Archived radio high school quiz programs

Scholastic Games header image 3

News Release 16 Championship 2019

FOR  IMMEDIATE RELEASE   5/20/19 CONTACT: Jim Mehrling (scholasticgames@gmail.com)

Headline:   AVON HIGH DEFEATS AVON LAKE TO WIN SCHOLASTIC  GAMES  ACADEMIC CHAMPIONSHIP

 The Scholastic Games radio quiz, a weekly program featuring academic teams from Lorain County high schools, ended its season with a tight competition between two exceptional teams, ending with a 420 to 290 victory for Avon High School over rival Avon Lake.  The teams were close in score with Avon Lake starting with a lead in the opening rounds of questions, but an explosive fourth round nearly assured Avon of victory.

Stamatis, left, is congratulated by program producer Jim Mehrling

Representing Avon were Jacob Boesger, Connor Smith, and team captain Alex Stamatis, who won his third “Standout Scholar Award” of the year, a $50 prize given to the student judged to have contributed the most to his or her team.  In his three years on the academic team, this was the eighth such award for Stamatis, matching the program’s all-time record which was  achieved only twice before in the program’s twenty-nine years.

Competing for the Avon Lake academic team were Natalie Miller, Irwin Deng, and team captain Connor McNeill, also a three-time “Standout” winner this year.  Avon Lake ended the first round with a perfect 50 point score to Avon’s 40 and increased its lead to 20 points at the end of the Current Events Round.   Things changed in the first of the “buzzer rounds,” which give an advantage to the quicker team.  With rapid-fire answers to questions on the U.S. Constitution, Avon led after that third round by a score of 160 to 100.

The fourth round is a multi-clue series in which a correct answer to a first clue yields fifty points, with diminishing point values for additional clues, ending with a final clue worth ten points.   On the very first item, Stamatis Avon scored for Avon on the 50-point clue, naming Charles DeGaulle after hearing only his birth date and that he had a “military and religious upbringing.”  The second item was about Sir Alexander Fleming, the discoverer of penicillin.   Stamatis buzzed on an early clue naming Lister, an incorrect answer which directed all subsequent clues to the other team.  That led to McNeill scoring 20 points for Avon Lake.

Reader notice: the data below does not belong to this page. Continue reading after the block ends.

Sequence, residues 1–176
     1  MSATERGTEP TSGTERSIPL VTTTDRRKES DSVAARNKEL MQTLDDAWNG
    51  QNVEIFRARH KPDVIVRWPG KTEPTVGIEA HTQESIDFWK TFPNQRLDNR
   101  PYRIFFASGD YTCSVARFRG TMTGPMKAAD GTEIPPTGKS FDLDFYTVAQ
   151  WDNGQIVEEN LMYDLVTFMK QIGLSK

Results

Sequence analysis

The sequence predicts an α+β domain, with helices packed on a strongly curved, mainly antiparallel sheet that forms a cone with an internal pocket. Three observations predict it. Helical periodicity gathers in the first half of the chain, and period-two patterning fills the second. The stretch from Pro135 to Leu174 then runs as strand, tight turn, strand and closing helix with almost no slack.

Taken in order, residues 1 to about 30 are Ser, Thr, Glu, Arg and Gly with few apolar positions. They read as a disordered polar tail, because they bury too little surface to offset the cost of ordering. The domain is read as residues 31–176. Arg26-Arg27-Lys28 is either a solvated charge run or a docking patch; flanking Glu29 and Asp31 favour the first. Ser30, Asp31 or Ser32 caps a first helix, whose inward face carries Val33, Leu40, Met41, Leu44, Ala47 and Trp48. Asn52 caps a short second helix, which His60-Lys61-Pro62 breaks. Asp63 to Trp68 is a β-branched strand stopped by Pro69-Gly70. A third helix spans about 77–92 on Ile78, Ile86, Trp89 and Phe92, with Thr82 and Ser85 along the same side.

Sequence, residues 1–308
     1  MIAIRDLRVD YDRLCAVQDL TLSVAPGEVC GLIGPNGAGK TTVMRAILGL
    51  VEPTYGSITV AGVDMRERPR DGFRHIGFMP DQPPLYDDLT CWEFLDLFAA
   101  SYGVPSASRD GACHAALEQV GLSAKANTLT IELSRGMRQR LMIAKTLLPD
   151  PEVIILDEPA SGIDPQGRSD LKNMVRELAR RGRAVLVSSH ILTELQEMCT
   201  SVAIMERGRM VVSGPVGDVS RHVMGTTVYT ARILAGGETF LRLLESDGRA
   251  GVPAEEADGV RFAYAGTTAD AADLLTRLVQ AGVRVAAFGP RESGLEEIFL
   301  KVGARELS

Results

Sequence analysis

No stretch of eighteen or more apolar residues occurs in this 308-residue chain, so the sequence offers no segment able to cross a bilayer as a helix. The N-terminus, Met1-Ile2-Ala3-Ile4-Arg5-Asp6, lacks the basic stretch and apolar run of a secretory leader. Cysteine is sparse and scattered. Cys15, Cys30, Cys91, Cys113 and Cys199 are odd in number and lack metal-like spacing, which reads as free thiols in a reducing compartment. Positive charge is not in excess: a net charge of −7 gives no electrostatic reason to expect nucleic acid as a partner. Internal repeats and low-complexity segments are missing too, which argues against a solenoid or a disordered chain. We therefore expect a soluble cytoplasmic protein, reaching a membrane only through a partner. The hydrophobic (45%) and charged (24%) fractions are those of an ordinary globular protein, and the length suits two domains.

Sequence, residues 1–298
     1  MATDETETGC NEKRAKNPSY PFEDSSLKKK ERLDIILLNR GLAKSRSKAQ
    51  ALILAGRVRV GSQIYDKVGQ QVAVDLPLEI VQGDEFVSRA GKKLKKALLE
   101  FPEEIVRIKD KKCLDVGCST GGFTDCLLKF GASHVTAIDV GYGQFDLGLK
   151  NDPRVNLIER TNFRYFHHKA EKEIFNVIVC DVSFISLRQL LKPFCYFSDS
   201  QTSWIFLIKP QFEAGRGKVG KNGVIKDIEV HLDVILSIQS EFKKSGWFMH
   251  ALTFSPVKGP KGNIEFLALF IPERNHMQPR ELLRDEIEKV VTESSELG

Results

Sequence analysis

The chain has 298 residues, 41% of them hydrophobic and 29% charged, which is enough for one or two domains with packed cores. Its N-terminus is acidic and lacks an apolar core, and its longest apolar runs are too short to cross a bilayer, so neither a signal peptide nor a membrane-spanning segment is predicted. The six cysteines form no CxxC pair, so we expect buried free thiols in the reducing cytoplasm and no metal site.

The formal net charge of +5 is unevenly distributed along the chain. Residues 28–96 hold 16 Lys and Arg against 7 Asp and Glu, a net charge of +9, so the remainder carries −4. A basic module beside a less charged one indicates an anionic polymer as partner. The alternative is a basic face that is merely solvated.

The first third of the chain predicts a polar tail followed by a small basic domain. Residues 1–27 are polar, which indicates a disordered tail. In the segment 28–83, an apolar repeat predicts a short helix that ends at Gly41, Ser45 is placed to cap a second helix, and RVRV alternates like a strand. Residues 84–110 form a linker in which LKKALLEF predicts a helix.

Avon Lake scored again when Miller identified the historic motion picture Birth of a Nation for 30 points after she heard a clue about its controversy, but the round was a scoring bonanza for Avon when the team scored an unprecedented two additional 50-point answers.  Stamatis identified John Brown’s Raid after hearing only the date, and Smith identified Albert Einstein from a clue with only his place of birth and the fact that he did not speak until he was four years old.

Avon Lake entered the final round with over a 100 point deficit, not insurmountable considering that 220 points were scored in that round, a long succession of tossup and bonus questions.  In an unusual ending to the competition, these two teams were so well matched that each scored an identical 110 points, leaving Avon’s score advantage unchanged, giving that team the victory.  So the season has ended with a contest between two teams, each of which was exceptional.  A fair amount of credit is due to dedicated faculty advisors at both schools,  Mr. Todd Sayers for the Avon team and Mr. Ryan Smylie for Avon Lake.

A 29-year tradition, each school that participated in Scholastic Games this year has been awarded at least one $1000 tuition credit to be given to a deserving student that will attend an Ohio college or university next year.  Additional credits are awarded as teams compete and win in playoffs.  Avon Lake was designated four such awards and Avon, as the championship winner, has been named to receive five.  Contributing institutions include Lorain County Community College, Baldwin Wallace University, Oberlin College, Ursuline College, Ashland University,  Case Western Reserve, Heidelberg, John Carroll,  Lake Erie College, Notre Dame College of Ohio, the University of Findlay, and Tiffin University, many of which have participated in this program for a number of years. 

Scholastic Games, on WEOL radio since 1990, is presented on the station by the Elyria Public Library System.  Production of the program is made possible by funding from the charter sponsor, the Nordson Corporation, the Nord Family Foundation, the Community West Foundation, and the following funds administered by the Community Foundation of Lorain County:  the William J. and Flora Hearn Durling Fund, the Dorothy and Elizabeth King Memorial Charitable Fund, the Ridge Tool Company Fund, and the Bowers Family Fund.  Reconding venues were supplied by the Elyria Public Library System and the Elyria Hampton Inn and Suites. Following broadcast, weol.com and standoutscholars.com offer all programs in the series as “podcasts.”  In addition, most Scholastic Games programs are followed by a talk feature, “Dialogues in Education,” which presents education success stories with its host, award-winning journalist Bob Tayek.  The final program featured interviews with the winning team.

A member of the Broadcasters Hall of Fame of Akron and Cleveland, the program’s producer, Jim Mehrling, is a veteran northeast Ohio broadcaster.  After seven years as Chief Announcer at WEOL, he was Production Manager at Cleveland’s WERE-AM for over a decade, and has for over twenty years been with Cleveland’s  WCLV-FM, a part of the Ideastream public broadcasting organization.  He was recently honored with a 2019 Presidents’ Award from the Cleveland Association of Broadcasters.

BROADCAST ON AM 930 – WEOL – By Jim Mehrling, MEHRLING STUDIOS